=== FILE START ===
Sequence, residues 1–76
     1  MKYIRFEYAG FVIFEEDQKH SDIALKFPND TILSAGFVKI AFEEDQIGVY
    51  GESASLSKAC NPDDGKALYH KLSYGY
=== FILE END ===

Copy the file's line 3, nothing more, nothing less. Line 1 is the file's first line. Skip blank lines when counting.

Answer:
    51  GESASLSKAC NPDDGKALYH KLSYGY